Japan historically has regarded itself as a hermit nation which intends to block out foreigners from becoming an important factor in their closed society. But, a rapidly declining population, a growing percent of people who are retired, has raised new issues regarding the future of a Japan which blocks out the world. In a surprising move, 80 legislators of the Liberal Democratic Party issues a proposal to dramatically alter Japanese immigration laws by encouraging foreigners to reside in their nation. “There is no effective cure to save Japan from a population crisis,” says their proposal. “In order for Japan to survive, it must open its doors as an international state to the world and shift toward establishing an ‘immigrant nation’ by accepting immigrants and revitalizing Japan.”
Japan currently has about 2.8 million foreigners residing in the country but only 837,000 are considered permanent residents. The lawmakers want to increase the ratio of immigrants so by 2050 they would constitute 10% of the population. They are proposing that any foreigner who resides in Japan for 10 years should be granted citizenship.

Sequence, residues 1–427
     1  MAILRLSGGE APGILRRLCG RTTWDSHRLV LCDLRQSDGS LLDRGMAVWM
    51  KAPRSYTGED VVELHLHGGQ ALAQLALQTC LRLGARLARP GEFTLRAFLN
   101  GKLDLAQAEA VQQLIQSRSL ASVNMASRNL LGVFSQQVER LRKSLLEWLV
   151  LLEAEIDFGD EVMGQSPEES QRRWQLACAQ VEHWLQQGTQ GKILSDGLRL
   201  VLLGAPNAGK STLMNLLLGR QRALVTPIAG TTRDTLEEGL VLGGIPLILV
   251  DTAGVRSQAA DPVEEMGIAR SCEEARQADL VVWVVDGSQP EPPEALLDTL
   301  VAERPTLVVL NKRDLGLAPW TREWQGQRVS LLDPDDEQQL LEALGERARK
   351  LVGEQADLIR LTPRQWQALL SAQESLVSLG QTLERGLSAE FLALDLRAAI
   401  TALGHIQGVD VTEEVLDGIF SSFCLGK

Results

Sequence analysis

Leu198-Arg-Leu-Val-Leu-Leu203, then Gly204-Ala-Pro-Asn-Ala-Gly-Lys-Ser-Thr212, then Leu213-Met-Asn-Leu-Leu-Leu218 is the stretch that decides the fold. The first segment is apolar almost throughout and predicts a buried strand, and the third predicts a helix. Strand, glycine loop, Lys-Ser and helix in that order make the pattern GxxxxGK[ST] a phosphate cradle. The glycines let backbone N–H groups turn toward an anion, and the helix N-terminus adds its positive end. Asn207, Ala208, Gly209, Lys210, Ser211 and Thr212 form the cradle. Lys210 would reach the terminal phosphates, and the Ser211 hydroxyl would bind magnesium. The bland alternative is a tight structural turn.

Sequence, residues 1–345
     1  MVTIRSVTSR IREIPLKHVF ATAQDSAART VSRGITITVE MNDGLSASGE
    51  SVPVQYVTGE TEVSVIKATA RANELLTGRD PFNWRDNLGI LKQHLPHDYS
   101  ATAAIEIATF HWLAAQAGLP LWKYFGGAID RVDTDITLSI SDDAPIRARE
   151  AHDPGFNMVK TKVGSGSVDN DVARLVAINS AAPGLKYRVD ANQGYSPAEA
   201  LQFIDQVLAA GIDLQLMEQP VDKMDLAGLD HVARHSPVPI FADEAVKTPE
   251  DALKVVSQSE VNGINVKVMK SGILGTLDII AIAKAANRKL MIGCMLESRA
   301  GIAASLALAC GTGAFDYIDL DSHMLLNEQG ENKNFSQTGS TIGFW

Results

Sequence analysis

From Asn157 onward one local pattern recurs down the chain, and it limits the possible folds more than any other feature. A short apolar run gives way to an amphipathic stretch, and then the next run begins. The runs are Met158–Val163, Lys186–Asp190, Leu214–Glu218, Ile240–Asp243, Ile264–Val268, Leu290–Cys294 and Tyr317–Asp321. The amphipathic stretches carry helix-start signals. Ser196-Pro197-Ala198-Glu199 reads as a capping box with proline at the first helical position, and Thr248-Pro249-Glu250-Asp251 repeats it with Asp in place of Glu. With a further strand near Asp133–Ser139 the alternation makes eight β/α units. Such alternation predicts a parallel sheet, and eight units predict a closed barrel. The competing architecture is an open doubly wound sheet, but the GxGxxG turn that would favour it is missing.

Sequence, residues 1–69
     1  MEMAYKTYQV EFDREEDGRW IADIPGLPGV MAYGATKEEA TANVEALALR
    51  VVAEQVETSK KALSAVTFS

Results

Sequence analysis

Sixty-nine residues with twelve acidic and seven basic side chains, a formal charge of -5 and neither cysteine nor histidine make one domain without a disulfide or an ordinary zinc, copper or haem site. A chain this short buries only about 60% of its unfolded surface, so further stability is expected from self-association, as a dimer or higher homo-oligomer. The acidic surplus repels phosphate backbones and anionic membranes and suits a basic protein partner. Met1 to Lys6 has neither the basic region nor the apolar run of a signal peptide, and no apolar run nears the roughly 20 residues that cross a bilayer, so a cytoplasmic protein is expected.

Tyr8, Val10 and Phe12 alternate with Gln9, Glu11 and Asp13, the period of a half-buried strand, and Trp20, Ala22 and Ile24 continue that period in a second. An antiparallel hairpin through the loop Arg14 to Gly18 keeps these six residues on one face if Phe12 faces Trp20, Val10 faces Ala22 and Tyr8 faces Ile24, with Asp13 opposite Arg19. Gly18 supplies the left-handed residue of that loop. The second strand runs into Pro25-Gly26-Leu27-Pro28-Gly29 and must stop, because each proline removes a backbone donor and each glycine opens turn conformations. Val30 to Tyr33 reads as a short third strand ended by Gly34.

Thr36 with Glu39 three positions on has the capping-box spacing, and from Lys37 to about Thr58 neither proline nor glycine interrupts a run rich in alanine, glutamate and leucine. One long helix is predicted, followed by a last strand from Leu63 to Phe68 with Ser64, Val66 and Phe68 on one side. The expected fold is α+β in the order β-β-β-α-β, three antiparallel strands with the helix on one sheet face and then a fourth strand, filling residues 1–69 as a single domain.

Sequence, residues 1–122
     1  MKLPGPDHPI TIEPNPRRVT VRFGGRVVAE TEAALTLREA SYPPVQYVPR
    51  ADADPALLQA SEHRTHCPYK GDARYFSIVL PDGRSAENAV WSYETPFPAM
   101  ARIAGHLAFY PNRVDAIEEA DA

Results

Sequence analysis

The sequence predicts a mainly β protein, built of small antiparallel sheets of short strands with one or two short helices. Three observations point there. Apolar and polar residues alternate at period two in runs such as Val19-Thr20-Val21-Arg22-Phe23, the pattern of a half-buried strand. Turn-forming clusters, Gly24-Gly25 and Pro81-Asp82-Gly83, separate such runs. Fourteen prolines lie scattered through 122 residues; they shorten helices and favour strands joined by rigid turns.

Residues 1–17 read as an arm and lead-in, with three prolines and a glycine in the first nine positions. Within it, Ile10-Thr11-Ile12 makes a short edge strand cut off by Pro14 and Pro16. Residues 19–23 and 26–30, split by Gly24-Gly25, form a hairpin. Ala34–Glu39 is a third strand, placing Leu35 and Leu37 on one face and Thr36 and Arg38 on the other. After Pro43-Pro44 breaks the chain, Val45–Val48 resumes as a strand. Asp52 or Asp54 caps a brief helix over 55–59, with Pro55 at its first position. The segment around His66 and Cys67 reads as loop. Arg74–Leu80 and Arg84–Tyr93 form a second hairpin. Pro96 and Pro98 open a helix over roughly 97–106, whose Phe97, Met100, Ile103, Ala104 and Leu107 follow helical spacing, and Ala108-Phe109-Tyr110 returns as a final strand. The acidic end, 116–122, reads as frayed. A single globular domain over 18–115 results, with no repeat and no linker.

The increased life expectancy in Japan which is now over 80 years, and the decline in birth rate means there are fewer people working to maintain the lives of elderly people in a proper manner. The only hope is immigration which also would stimulate Japanese thinking and innovation.